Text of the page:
Khuvgul Lake, freshest and deepest lake in Central Asia, is positioned in a North South direction with an oval shape. Its length is 133.4 km from north to south while widest is 39.5 km from west to east. This lake has a volume of 380 km3 and it is second in Asia and 14th largest in the world. Khuvsgul Lake contains 93.6 % of total surface fresh water of Mongolia and 1% of world fresh water. Khuvsgul Lake is surrounded by beautiful high mountains of the Khoridol Saridag and Bayan Mountain Ranges, along the west shore. Many mountain rivers flow into this lake including 17 rivers flowing during the whole year. Flat-topped mountains with sloping mountainsides, covered by forests, lie on the east shore of the lake and those mountains are sources of 29 rivers flowing into Khuvsgul Lake.
The Munkh Saridag Mountain Range, the highest mountains in Khuvsgul province, are along the north shore of this lake. South part of Khuvsgul Lake becomes narrow and the Eg River starts out here. Drainage basin of the lake is 5,300 sq km that holds 46 rivers and streams. 69% of South side of Khuvsgul lake is deeper than 100 m. It starts to freeze in September but completely covered by 1.0-1.5 m thick ice in November while it starts to melt in May but sometimes it keeps its ice until beginning of July. Water visibility is up to 22.9 m in the middle, but it is 14.3 m near the shore. The lake is still being used for transportation. Russian merchants started using boats for transportation in 1913.
Ice festival on Khovsgol lake
Ice festival is already one of the biggest and attractive festivals in Mongolia and held first week of each March. The residents of the Khuvsgul Lake area gather for the festival, which is organized by the Governor's Office of Khuvsgul, the Office of Khatgal, and the Ministry of Environment and Tourism Mongolia. Besides Mongolians, foreign tourists also travel to see and enjoy the festival. The event involves international skating marathon and horse sleigh races, displays of ice sculptures, shaman ceremonies and visits by reindeer herders who make their way south to the festival from their northern taiga. Many traditional games are played on the sidelines, and this is an ideal venue for visitors to join in the fun and games with local people.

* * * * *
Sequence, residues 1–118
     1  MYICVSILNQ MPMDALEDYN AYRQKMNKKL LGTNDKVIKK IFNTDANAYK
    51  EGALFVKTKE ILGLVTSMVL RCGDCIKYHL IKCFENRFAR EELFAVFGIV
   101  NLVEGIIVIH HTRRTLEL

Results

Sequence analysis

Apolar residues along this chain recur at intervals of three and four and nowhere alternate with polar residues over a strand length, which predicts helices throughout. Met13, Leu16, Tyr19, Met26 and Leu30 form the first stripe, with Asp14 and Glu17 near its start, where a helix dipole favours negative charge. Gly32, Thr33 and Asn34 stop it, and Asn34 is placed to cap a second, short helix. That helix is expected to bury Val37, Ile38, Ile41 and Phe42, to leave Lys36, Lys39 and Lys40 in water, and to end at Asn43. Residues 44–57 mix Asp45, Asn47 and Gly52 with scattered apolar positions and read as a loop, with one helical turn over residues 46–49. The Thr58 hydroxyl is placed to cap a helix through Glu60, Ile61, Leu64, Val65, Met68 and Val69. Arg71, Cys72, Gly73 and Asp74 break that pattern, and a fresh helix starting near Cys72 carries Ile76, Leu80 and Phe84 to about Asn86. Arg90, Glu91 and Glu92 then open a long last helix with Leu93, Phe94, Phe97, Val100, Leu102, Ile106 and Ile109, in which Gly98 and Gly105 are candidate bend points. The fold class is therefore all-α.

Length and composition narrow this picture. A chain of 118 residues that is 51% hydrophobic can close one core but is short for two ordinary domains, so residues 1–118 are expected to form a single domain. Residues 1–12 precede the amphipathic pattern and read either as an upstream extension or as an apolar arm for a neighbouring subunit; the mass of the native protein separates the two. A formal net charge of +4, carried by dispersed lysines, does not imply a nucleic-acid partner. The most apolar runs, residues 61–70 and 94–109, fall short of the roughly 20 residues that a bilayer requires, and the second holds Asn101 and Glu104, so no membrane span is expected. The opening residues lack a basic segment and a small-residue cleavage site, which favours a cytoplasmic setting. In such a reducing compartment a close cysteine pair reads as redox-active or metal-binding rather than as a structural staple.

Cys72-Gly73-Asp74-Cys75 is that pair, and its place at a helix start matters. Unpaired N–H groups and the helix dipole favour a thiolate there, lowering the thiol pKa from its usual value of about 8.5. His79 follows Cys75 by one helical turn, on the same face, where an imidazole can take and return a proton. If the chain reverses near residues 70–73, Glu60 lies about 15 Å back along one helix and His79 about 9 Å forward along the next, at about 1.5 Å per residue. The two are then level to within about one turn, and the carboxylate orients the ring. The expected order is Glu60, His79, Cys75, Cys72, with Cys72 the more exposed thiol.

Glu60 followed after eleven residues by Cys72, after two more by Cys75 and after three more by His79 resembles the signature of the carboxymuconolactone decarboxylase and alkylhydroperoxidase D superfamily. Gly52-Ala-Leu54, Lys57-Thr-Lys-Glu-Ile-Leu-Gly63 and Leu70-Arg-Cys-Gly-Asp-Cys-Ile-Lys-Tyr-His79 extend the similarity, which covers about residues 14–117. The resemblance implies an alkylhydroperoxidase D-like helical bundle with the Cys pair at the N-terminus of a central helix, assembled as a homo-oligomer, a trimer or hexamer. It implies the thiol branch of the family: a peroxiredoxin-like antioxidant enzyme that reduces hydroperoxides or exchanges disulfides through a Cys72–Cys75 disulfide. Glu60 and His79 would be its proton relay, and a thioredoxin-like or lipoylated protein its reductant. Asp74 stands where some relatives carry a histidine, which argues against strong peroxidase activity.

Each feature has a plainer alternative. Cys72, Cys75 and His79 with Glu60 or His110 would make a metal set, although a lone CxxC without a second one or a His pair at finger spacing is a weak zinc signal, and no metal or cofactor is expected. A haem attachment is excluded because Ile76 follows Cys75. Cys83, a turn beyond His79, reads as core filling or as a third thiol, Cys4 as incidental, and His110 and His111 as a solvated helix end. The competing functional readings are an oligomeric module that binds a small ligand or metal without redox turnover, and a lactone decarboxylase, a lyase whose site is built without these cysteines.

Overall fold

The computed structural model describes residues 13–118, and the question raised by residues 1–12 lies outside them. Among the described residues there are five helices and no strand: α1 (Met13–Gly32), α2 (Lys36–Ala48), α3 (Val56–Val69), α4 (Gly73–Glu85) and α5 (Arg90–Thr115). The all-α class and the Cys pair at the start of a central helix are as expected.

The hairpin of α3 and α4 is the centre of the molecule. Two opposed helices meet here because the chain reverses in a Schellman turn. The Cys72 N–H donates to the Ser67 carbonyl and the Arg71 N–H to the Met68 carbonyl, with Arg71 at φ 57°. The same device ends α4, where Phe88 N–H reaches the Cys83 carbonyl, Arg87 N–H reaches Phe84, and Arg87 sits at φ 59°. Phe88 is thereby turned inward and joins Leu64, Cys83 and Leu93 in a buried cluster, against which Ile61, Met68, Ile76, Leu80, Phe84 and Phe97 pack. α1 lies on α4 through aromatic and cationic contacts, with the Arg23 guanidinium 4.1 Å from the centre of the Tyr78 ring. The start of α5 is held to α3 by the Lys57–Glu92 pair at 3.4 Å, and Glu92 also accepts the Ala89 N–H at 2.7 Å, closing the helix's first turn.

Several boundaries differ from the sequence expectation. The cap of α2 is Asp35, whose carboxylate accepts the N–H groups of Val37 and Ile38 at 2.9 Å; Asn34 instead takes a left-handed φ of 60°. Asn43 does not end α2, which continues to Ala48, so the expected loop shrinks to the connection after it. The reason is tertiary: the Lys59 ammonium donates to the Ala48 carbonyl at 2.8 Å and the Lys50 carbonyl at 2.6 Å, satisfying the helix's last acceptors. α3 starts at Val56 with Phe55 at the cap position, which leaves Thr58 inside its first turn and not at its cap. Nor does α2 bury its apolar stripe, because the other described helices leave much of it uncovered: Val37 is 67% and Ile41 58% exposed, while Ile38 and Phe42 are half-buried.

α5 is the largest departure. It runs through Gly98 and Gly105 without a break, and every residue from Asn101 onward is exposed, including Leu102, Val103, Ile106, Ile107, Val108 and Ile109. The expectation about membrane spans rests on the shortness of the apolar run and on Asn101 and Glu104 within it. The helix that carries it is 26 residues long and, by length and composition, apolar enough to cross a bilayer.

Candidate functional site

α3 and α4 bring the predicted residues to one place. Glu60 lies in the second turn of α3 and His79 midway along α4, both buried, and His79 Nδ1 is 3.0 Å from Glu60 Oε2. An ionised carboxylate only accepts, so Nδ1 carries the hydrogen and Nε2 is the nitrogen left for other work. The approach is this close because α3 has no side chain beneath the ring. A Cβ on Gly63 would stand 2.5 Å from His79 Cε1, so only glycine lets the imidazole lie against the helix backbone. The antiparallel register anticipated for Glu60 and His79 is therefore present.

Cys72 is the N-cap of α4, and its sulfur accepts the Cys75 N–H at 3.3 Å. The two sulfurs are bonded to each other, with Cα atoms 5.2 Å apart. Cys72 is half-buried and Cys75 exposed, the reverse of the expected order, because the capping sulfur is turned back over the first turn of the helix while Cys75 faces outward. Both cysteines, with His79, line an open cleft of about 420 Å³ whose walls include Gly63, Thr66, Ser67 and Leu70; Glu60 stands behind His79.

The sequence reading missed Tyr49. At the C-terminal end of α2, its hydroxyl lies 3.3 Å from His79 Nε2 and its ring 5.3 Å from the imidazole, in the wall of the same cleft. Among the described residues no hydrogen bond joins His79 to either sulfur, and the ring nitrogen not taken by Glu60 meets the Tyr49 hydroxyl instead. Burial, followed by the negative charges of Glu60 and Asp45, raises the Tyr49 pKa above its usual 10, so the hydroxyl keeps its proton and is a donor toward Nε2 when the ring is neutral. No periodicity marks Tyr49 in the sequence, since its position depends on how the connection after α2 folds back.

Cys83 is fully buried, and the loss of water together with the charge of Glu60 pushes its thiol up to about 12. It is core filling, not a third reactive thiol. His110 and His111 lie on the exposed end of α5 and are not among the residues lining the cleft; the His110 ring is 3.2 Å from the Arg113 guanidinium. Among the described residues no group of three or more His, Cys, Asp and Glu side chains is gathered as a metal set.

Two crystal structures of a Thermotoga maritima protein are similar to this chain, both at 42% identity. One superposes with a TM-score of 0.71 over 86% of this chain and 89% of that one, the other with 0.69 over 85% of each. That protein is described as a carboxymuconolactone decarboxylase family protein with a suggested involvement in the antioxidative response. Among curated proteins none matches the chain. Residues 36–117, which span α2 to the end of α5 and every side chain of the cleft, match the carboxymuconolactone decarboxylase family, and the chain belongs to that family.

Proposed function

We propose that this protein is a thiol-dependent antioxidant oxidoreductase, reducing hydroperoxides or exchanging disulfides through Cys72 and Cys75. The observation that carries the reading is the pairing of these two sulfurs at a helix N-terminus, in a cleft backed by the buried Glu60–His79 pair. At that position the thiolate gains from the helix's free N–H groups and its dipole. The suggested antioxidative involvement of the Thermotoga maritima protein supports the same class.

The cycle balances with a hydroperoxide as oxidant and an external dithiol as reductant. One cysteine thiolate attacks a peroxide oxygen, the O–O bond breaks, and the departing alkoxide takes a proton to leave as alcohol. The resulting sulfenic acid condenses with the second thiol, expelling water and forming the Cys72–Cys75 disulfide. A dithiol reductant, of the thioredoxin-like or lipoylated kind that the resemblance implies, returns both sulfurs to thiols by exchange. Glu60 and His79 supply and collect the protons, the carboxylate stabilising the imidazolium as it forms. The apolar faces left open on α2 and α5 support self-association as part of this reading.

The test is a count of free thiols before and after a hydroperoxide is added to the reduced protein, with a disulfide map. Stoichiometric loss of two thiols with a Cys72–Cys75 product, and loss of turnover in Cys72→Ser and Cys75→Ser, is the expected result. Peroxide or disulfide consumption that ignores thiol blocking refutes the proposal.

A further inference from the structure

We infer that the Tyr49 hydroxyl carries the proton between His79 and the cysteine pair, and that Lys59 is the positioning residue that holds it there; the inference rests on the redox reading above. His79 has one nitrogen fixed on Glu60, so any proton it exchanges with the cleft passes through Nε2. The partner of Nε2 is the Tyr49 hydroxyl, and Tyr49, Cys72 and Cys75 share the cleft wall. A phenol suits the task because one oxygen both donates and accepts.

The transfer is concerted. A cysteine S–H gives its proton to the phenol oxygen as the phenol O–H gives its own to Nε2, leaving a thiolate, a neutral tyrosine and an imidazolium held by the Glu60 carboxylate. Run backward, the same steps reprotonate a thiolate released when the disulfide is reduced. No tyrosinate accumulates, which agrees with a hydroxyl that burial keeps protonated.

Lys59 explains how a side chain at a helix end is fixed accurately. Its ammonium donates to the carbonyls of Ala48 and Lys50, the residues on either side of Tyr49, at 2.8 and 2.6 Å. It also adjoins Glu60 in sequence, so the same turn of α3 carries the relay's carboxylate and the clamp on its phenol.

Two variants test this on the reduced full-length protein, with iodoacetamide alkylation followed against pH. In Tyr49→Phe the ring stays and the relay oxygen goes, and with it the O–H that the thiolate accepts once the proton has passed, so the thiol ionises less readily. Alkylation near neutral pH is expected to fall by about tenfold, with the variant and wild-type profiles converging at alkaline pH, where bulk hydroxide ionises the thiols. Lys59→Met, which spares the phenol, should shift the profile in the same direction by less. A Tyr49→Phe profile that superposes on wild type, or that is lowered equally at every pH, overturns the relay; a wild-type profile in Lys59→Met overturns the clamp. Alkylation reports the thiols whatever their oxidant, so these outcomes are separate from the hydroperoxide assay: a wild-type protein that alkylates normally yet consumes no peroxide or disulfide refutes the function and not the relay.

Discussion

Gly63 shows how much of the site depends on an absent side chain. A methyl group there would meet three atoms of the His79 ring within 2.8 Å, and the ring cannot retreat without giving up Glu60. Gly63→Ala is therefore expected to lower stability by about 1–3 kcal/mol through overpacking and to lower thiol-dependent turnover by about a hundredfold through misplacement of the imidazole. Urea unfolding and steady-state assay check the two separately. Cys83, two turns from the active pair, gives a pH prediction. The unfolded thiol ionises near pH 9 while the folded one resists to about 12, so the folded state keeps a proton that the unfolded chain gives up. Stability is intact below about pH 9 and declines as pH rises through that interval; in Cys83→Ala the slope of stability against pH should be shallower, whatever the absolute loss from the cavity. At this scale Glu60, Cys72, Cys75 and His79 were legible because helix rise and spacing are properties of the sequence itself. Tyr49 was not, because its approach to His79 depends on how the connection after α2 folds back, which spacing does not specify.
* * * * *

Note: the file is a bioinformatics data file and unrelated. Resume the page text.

Shamanism – religion from ancient roots
Shamanism is the oldest religion practice in Mongolia and centers on beliefs and rituals associated with shaman, a man or a woman regarded as having access to the “spirit world”. Shamanism is a faith without books. All teaching and instruction has been given orally, passed from shaman to shaman over the centuries, and its traditions learned by heart. Today northern Mongolian ethnic groups (Darkhad, Tsaatan, Hotgoid and others) and northeastern Mongols (Buryiat) as well as some of the Khalkh Mongol still maintain the ancient shamanic tradition. Mongolian shamans enter an ecstatic trance state in which the shaman is empowered to engage with the spirits I order to protect and heal members of the community, to guide souls and cure illnesses. Shamanism went underground during the former communist period, but has been revived recently.
The Shamans are very spiritually people. The shaman is chosen by their spirits at birth and an extra soul called an udha enters them. This soul helps them gather and the help with other spirits. Without this protection, rituals and other world journeys are dangerous. The shamans are also caretakers of traditional culture. The shaman might wear a headdress to resemble a bird, with the tail of pheasant and the body costume of a fish. Drums are used to help the shaman enter the trance-like state, as chanting begins and the shaman “transcends“into another world while the body dances, swirls or totters with jerky movements.